The Fourth Amendment prohibits unreasonable search and seizures by the police. While some warrantless searches are permitted based on the circumstances, there must be some reasonable and articulable suspicion by a law enforcement officer before a person may be detained, and searched. The consequences for an unlawful search can be significant including the suppression of all evidence that were a product of the unlawful search.
Police, however, are permitted to conduct a search when it is incident to an arrest. The reason for this is to prevent the defendant from destroying evidence or to ensure the defendant does not have a weapon that may be a threat to the arresting officer. Upon arrest, police are further permitted to take mug shots and obtain fingerprints.
Recently, court cases across the country have challenged state and Federal laws that allow police to also obtain DNA samples from persons arrested, but not yet convicted of felonies. Twenty-eight states have laws that allow for the taking of DNA samples prior to a felony conviction. The first such law was passed in Louisiana in 1997 and allowed for DNA samples to be taken from any person arrested for a felony sex offense or other specified offense. In 2009, a California law took effect which requires law enforcement officers to obtain a DNA sample by swabbing the inner cheek of every person arrested for a felony. The information is then entered into a national database.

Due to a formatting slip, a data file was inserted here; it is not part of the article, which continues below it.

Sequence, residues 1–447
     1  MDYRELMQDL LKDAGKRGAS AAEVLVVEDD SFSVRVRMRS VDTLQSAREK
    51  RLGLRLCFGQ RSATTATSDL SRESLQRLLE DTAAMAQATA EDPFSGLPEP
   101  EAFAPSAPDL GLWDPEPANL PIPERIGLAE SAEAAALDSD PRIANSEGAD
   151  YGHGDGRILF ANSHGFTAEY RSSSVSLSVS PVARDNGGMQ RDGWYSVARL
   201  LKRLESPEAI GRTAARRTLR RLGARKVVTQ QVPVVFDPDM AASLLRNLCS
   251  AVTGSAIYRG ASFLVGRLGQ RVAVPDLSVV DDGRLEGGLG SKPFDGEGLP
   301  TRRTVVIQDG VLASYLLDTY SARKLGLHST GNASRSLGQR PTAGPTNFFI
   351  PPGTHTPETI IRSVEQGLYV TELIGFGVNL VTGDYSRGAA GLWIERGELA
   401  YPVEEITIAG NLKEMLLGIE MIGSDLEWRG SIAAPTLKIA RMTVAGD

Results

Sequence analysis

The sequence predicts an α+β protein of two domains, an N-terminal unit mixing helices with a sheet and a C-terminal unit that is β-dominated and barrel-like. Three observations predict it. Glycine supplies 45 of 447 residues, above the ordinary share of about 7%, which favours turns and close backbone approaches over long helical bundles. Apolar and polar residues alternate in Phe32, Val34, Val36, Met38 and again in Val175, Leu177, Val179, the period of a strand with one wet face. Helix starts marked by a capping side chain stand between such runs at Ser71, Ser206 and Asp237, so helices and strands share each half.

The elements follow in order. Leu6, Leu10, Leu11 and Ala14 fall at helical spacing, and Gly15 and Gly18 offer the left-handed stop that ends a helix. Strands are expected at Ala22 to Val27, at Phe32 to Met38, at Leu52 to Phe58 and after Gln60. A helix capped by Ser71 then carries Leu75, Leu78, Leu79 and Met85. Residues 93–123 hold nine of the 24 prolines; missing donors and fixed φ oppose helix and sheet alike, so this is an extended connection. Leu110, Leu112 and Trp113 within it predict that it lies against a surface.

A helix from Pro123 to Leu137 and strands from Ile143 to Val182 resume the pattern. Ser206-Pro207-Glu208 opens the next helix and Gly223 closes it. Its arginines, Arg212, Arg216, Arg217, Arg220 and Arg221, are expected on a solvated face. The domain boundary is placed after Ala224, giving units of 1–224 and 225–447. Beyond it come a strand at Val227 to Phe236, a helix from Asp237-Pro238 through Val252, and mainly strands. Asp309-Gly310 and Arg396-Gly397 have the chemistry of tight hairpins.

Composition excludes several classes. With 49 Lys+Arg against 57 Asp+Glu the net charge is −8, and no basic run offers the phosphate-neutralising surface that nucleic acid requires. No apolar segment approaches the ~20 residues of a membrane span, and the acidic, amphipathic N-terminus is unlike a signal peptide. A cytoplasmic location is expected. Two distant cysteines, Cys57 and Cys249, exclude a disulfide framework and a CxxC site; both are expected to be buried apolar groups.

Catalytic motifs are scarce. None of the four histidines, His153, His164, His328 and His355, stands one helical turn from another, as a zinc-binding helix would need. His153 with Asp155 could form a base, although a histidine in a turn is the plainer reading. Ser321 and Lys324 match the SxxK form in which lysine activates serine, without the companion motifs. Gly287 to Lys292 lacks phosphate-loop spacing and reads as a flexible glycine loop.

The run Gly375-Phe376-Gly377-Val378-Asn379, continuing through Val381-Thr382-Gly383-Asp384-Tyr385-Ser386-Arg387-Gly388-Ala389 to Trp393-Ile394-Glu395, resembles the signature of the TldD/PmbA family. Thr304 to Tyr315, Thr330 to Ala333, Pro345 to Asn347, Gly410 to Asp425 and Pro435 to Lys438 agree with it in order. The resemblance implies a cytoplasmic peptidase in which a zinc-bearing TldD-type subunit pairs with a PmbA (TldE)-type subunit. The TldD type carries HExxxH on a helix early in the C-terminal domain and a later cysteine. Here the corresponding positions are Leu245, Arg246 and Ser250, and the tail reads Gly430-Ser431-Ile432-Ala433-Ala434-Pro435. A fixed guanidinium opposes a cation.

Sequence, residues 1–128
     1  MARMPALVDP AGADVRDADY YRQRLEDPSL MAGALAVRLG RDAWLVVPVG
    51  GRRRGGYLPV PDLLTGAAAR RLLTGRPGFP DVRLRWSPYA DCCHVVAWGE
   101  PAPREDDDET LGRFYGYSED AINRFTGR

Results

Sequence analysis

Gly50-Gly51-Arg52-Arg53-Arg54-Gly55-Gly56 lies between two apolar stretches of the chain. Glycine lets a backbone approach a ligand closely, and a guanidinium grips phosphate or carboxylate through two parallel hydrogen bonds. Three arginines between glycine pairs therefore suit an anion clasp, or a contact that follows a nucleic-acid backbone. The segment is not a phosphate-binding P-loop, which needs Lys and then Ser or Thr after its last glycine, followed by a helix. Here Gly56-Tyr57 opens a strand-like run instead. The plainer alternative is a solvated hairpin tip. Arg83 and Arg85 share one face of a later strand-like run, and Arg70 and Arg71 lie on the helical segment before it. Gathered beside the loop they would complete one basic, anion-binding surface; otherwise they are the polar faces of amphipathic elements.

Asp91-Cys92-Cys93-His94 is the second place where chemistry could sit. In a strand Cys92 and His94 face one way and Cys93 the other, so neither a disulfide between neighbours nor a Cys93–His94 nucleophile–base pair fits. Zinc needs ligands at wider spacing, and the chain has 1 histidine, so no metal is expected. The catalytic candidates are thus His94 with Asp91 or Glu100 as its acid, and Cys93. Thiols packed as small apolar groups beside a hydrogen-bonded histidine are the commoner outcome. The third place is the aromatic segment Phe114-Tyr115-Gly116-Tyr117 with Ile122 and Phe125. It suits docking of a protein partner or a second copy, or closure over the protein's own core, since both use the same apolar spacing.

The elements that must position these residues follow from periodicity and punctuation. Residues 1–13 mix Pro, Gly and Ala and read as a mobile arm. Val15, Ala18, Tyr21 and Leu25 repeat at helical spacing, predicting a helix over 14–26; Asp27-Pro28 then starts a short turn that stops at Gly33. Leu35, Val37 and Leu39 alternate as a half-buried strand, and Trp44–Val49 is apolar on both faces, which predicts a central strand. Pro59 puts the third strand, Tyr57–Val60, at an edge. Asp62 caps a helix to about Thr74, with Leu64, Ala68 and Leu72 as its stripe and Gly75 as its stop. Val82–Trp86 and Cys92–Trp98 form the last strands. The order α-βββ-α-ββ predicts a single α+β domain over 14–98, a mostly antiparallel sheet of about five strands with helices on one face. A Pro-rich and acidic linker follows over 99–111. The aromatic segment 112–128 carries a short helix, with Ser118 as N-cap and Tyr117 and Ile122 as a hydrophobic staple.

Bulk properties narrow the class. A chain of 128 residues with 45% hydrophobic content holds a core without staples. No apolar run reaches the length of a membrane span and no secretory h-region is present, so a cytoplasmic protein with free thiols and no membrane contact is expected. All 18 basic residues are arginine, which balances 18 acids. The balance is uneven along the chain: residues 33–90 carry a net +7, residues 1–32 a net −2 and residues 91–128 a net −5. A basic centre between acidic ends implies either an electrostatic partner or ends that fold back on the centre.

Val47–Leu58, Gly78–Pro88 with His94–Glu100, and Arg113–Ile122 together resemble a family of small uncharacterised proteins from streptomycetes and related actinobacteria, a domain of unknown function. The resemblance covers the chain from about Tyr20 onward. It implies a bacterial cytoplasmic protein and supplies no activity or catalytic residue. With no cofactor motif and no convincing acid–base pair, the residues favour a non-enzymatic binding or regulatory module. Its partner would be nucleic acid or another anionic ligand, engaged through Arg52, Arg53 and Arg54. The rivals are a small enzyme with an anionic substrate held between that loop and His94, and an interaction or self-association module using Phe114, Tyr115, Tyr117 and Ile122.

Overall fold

Proponents of such laws argue that DNA samples are necessary to assist law enforcement with identification of suspects of other crimes, and that submitting DNA samples are no more intrusive than fingerprints or strip searches, which have been held to be constitutional. Moreover, guidelines are implemented to ensure that the genetic information obtained is used only for authorized purposes.
On the other hand, critics of these laws point out that once DNA samples are submitted, the data is stored regardless of whether the suspect is eventually convicted. In California, for example, approximately 300,000 people are arrested for a felony each year, yet almost 100,000 are never convicted or even formally charged; yet their genetic information has already been submitted and stored in a national databases.
The U.S. Supreme Court is expected to rule on the issue this fall in light of split decisions by Federal courts across the country. For example, the Maryland statute allowing for pre-conviction DNA samples was held unconstitutional, while a similar law in California was upheld. While state law varies, the major aspects of each law are:
- which offenses are included?
- when is the DNA sample collected and when is it analyzed?
- who collects the sample?
- what protocol is followed for collection and analysis?
- what process is available for expungement?
Surprisingly, DNA technology has only been used since 1985. Since then, DNA technology has become the most reliable source of physical evidence in criminal cases, particularly those involving sexual assaults. Forensic testing of genetic material can match DNA found at a crime scene with the perpetrator with better than 99% accuracy. DNA evidence has also been used successfully to exonerate the innocent. To date, 300 of convictions have been overturned on the basis of DNA testing, including over 100 for people who were on death row.